If you get there right at 10am, consider heading straight to the top or directly to Playscape (where there are no field trippers - whoot whoot!). Most visitors start in the Dinosphere or beeline it to whatever the newest exhibit is on the second floor. However, if you see a short line at the Chocolate Slide/Jolly Days Slide, take advantage! I repeat: TAKE ADVANTAGE! We usually skip this because the line gets so, so long and my kids just don't have the patience (and neither do I).
Don't be afraid to check out an exhibit that is geared toward bigger or littler kids (with the exception of Playscape, which is for kids five and under). My kids are five and two and they love love love ScienceWorks and Treasures of the Earth, both of which are geared toward school-age kids. All the exhibits have hands-on features and are even exciting for the parents.
The Museum staff and volunteers are amazing. They know so many cool facts and stories that you wouldn't necessarily be privy to unless you engage with them. Chat up the paleontologists working in the lab. Ask questions of the volunteers outside of ScienceWorks. Your kids will be mesmerized to talk to real-life scientists and you'll learn something, too!
The carousel (located of the fourth floor) is an absolute must. It's majestic, beautiful and an important part of Indianapolis history. It was once an attraction at Broad Ripple Park! The staff goes above and beyond to make the ride fun and engaging for the kids.
The lower level is my favorite and what you'd consider the "classic" Children's Museum exhibits. My kids would be content if the only two exhibits they saw were Dinosphere and All Aboard! They've seen them countless times and never tire of them. They've been a mainstay at the Museum for-ev-er and there's good reason for that.
Time to Split:
It's easy to run right past the gift shop to avoid the "oooooh, can I get this? How about this? But I neeeeeeed that!" from your kids. I get it. But the gift shop is actually one of the most hands on parts of the Museum! It's filled with train and activity tables that feature Magformers, Zoobs, that squishy sand stuff that claims not to make a mess, and so much more. My kids love it and I usually can get outta there without buying anything.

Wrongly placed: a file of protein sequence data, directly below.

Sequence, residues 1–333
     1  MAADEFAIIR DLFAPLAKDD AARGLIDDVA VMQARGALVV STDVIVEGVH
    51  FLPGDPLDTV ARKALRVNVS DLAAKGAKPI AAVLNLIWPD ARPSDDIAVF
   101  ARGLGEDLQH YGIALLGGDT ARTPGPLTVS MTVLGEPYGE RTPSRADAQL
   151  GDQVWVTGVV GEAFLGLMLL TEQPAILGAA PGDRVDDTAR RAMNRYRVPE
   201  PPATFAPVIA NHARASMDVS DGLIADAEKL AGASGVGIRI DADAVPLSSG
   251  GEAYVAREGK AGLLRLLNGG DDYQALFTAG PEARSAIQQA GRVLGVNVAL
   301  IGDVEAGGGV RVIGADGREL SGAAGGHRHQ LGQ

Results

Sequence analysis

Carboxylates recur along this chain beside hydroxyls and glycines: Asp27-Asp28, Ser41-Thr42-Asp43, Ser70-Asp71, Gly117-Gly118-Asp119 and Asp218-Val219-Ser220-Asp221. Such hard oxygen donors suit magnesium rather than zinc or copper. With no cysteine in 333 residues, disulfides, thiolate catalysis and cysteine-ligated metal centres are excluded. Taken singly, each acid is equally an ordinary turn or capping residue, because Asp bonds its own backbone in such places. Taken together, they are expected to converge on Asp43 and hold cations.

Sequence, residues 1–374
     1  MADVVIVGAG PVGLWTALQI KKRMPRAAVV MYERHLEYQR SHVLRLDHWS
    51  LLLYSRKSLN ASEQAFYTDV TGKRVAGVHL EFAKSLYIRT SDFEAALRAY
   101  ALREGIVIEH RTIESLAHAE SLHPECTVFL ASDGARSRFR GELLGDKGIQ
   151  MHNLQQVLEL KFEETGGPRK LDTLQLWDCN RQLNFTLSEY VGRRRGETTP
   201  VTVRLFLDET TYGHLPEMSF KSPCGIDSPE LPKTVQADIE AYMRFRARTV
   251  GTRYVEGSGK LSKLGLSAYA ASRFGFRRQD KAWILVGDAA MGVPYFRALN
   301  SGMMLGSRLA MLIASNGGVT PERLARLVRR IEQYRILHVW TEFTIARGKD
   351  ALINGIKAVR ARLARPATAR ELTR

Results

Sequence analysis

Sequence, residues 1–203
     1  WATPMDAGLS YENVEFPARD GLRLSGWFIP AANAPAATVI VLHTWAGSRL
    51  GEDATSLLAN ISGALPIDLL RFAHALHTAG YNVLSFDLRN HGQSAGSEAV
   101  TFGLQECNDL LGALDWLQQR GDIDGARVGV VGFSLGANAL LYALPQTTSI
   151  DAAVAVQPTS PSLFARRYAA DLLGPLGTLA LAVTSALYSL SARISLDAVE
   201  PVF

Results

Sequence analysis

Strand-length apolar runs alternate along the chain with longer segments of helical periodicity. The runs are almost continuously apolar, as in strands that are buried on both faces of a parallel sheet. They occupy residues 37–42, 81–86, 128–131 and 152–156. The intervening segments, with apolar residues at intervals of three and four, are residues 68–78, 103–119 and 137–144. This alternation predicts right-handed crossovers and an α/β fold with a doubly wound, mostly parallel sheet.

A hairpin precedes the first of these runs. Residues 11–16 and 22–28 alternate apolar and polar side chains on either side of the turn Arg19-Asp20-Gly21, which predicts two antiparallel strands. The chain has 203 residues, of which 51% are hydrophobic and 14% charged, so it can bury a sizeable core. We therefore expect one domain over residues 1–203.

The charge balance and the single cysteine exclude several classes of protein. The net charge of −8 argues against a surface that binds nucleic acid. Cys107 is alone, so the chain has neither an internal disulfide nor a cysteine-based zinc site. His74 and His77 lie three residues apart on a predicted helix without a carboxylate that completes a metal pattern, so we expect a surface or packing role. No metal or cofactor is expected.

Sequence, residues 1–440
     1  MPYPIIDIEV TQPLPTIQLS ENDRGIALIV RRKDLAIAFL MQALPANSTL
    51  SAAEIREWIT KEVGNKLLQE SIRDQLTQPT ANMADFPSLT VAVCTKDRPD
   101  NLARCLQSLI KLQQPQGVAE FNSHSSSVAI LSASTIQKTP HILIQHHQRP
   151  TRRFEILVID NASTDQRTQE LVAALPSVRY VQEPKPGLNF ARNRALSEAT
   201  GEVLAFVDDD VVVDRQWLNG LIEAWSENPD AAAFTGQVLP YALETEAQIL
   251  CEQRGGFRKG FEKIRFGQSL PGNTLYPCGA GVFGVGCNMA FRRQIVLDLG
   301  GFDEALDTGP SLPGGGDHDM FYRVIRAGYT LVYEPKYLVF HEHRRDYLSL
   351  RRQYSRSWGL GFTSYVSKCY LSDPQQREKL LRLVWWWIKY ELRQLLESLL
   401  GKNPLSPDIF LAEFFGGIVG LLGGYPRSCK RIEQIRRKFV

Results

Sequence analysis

At the top of the ramp lies the InfoZone, which I consider my secret Museum cavern. It's part of the Indianapolis Public Library and is an easy way to drop off those overdue books and pick up new materials featuring museum subject matter (dinosaurs, trains, China, and tons more). I like to get a bag of books and take a bathroom break before heading home.
Splurge on the +2 membership, which covers everyone in your house plus two guests. All the marketing the Museum does is true. It pays for itself during the second visit.
Worried about losing your kid? Have your little ones keep one of your business cards (or a mommy card - https://www.tinyprints.com/shop/mommy--contact-cards.htm) in their pocket. My five year old knows to show the card to another mom and say, "Can you call my mom?" Thankfully, we've never had to use it, but I feel better knowing we have a plan.
Nursing at the Museum is a breeze. They have dedicated nursing rooms within Playscape that are like the Beyonce of nursing rooms (we're talking dimmer lights, glider chairs, and TVs playing Sesame Street to occupy big sibs). Two other quiet, semi-private places to nurse include the Big, Bad, and Bizarre extension of the Dinosphere and the Power of Children exhibit.
Have questions? Send a tweet to @TCMIndy. They are awesome at responding and are a wealth of knowledge.
Oh, and there's a Starbucks to your immediate left after you check in to the museum. Cheers!